3 Main non-reactive decay routes following S1 excitation Non-radiativeIC to S0 followed by vibrational relaxation.ISC to T1 then ISC’’ to S0 with vibrational relaxation after each step.Collisional quenching (before or after ISC)RadiativeFluorescence to S0ISC to T1 then phosphorescence to S0Delayed fluorescence
4 Fluorescence and phosphorescence in solution Weak and slow – spin forbidden (ms – s)Competing collisional processes may eliminate – unless frozen out e.g., in glassFluorescenceRapid (10-8s) decay - spin allowed
6 Fluorescence from v=0 following vibrational relaxation absorption
7 Mirror image depends on Molecule being fairly rigid (e.g., as in polyaromatic systems)No dissociation or proton donation in excited stateGood mirror image: anthracene, rhodamine, fluoresceinPoor mirror image: Biphenyl, phenol, heptane
8 Solvent relaxation leads to a shift of the 0-0 band
9 Absorption and fluorescence in organic dyes Population inversion between excited electronic state and higher vib levels of ground state.
10 Fluorescence labelling and single molecule spectroscopy Attaching a fluorescent chromophore to biological molecules etcNear-field scanning optical microscopy – optical fibre delivers laser light to spot size nmMaintain sufficient dilution of sample so that single molecules are illuminated
12 Looking at single molecules using near field optical microscopy / fluorescence Single molecules of pentacene in a p-terphenyl crystal
13 Rate of absorption; Beer Lambert Law ℓ dℓItI0Intensity decreases as it passes through cellc = concentration, ℓ = length
14 Beer Lambert Law (cont) or(2.3 log x= ln x)is known as the molar (decadic) absorption coefficient; it is often given units mol-1dm3 cm-1Nb Intensity has units Js-1m-2 or Wm-2 and is the light energy per second per unit area
15 Limit of very dilute concentrations Rate of absorption only proportional to concentration when above approximation is valid (cℓ « 1).
16 Absorption spectrum of chlorophyll in solution This shows the absorption spectrum of a molecuke
17 Some values for max /(L mol-1 cm-1) C=C (* ) at 163 nm (strong)C=0 (* n) at nmC6H5- (* ) at 255 nm[Cu(H2O)6] at 810 nmmax
18 Integrated absorption coefficient varies with wavenumber˜˜
19 Integrated absorption coefficient proportional to square of electronic transition moment But from lecture 1, Einstein coefficient of absorption
20 Determining spontaneous emission rates By measuring the area under the absorption profile, we can determine the transition probability and hence the rate coefficients for stimulated absorption/emission (Bif), and also for spontaneous emission (Aif).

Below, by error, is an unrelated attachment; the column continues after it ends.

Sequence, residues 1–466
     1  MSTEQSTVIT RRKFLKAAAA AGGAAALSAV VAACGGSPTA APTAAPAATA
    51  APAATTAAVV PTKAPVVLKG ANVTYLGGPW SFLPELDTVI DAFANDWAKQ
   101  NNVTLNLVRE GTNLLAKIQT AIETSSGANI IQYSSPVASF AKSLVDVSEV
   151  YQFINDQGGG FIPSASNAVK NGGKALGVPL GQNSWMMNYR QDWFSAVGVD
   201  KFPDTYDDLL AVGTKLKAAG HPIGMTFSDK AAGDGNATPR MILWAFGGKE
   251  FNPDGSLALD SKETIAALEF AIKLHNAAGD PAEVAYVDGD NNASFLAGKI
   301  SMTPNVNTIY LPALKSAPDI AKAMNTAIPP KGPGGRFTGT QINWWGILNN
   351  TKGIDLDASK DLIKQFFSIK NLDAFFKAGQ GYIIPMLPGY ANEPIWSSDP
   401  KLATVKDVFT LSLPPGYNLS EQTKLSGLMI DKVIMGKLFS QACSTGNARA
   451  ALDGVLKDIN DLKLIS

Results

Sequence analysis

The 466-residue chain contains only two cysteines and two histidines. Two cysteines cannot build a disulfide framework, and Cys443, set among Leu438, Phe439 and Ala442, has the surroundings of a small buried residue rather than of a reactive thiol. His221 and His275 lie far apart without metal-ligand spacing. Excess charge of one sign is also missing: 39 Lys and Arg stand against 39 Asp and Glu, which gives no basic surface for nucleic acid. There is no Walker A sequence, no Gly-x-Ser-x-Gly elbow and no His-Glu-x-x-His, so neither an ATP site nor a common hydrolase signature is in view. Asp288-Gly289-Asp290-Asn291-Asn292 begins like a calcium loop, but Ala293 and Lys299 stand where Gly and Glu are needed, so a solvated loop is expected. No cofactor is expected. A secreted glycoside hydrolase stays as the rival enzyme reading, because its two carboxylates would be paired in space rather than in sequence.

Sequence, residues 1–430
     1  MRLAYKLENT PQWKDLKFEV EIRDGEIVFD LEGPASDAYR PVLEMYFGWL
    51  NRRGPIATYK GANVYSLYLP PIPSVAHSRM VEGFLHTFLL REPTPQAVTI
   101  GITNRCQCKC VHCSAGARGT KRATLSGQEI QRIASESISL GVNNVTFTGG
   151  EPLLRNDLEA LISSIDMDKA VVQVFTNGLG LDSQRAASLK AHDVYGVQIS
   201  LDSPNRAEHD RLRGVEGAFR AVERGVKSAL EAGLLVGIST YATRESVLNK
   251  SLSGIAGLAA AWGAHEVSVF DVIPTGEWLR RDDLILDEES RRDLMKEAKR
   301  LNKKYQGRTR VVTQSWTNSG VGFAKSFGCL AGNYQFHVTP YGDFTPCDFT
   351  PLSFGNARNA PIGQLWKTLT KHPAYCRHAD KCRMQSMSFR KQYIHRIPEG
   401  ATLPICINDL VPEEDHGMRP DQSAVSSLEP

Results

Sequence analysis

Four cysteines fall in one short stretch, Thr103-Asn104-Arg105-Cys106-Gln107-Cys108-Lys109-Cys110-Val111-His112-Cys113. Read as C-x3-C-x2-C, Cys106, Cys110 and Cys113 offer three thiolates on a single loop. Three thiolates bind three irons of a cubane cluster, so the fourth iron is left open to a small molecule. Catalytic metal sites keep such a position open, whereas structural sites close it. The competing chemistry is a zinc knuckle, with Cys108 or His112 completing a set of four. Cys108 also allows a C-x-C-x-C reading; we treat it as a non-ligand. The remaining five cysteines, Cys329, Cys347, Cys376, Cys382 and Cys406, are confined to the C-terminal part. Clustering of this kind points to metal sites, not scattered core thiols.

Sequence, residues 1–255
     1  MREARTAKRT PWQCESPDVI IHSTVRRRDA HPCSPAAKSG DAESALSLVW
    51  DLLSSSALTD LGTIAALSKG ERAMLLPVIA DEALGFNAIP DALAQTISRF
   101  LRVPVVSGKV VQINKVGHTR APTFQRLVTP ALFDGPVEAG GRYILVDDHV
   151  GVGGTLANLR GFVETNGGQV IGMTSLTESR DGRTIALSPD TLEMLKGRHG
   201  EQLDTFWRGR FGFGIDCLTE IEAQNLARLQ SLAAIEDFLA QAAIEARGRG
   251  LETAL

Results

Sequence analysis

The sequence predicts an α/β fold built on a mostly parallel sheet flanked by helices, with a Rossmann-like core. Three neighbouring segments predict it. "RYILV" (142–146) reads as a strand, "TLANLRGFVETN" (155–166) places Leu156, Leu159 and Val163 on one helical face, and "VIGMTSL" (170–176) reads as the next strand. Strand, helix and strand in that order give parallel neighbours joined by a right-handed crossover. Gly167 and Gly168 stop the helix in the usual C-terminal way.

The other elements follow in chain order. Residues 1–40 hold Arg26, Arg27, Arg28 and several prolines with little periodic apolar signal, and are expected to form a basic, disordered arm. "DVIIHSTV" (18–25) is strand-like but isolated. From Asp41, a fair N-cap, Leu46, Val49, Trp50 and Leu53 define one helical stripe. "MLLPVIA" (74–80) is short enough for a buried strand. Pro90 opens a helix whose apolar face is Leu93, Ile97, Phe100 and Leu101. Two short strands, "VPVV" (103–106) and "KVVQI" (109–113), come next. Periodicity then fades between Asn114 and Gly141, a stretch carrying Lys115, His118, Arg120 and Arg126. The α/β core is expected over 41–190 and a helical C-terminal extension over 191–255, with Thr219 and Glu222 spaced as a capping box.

21 Flash PhotolysisUse a short pulse of light to produce a large population of S1 state.Follow decay of S1 after excitation switched offFluorescence in real timeDelayed ‘probe’ pulse to detect ‘product’ absorption (e.g., T1 T2).Choose light source according to timescale of process under studyConventional flashlamp ms - sQ switched laser ns - sMode locked laser ps – nsColliding pulse mode locked laser fs - ps
23 Fluorescence lifetimes Following pulsed excitation fluorescence would follow first order decay in absence of other processes.kf is equivalent to the Einstein A coefficient of spontaneous emissiontypically kf 108 s-1= frequency of transitioni and f are the initial and final states
24 First order decayDefine fluorescence lifetime f as time required, after switching off excitation source, for fluorescence to reduce to 1/e (=0.368) times original intensity.If there are no competing processes, then the fluorescence lifetime is equal to the true radiative lifetimef
25 Observed fluorescence lifetime But if there are competing processes:Decay is still first order but as the rate of fluorescence is proportional to [S1] the observed fluorescence lifetime is reduced to
26 Branching ratio and quantum yield The fraction of molecules undergoing fluorescence (branching ratio into that decay channel), is equal to the rate of fluorescence divided by the rate of all processes.In the present case the above quantity is equal to the quantum yield f – see below.
28 Fluorescence quantum yields show strong dependence on type of compound excited
29 Fluorescence quenching and the Stern Volmer equation Continuous illuminationIabskf[S1]kisc[S1]kQ[S1][Q]Apply SSA
30 Fluorescence quantum yield Can determine ratios of kQ/kf and kisc/kf from suitable plot.
31 Chemical actinometerTo determine a fluorescence quantum yield need an accurate measure of photon intensityA chemical actinometer uses a reaction with known quantum yield, and known absorption coefficient at a given wavelength to determine the light intensity.
33 Fluorescence quantum yield Alternatively; define f0 as the fluorescence quantum yield in the absence of quencherThus
34 If assume diffusion limited rate constant for kQ ( 5 x 109 M-1s-1) then can determine kf + kisc. Alternatively can recognise 1/(kf+kisc) as the observed fluorescence lifetime; if this is known can measure kQ.
35 The quantum yield represents a branching ratio Fraction of molecules initially excited to S1 that subsequently fluoresce; for the scheme on the rightThus the fraction passing on to T1 state is 1- fFraction of T1 molecules undergoing phosphorescenceThus’ is observed phosphorescence lifetime